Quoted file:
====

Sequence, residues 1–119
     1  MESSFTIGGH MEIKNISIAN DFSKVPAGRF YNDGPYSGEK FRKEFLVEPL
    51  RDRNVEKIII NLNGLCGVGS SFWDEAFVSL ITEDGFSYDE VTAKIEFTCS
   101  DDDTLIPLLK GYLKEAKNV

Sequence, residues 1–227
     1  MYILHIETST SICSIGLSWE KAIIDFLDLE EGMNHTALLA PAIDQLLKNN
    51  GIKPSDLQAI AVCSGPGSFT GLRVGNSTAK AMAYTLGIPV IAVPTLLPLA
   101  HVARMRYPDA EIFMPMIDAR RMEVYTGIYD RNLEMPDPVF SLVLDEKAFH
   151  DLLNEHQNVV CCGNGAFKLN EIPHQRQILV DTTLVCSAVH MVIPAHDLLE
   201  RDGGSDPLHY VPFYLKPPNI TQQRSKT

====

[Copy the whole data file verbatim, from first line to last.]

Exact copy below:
Sequence, residues 1–119
     1  MESSFTIGGH MEIKNISIAN DFSKVPAGRF YNDGPYSGEK FRKEFLVEPL
    51  RDRNVEKIII NLNGLCGVGS SFWDEAFVSL ITEDGFSYDE VTAKIEFTCS
   101  DDDTLIPLLK GYLKEAKNV

Sequence, residues 1–227
     1  MYILHIETST SICSIGLSWE KAIIDFLDLE EGMNHTALLA PAIDQLLKNN
    51  GIKPSDLQAI AVCSGPGSFT GLRVGNSTAK AMAYTLGIPV IAVPTLLPLA
   101  HVARMRYPDA EIFMPMIDAR RMEVYTGIYD RNLEMPDPVF SLVLDEKAFH
   151  DLLNEHQNVV CCGNGAFKLN EIPHQRQILV DTTLVCSAVH MVIPAHDLLE
   201  RDGGSDPLHY VPFYLKPPNI TQQRSKT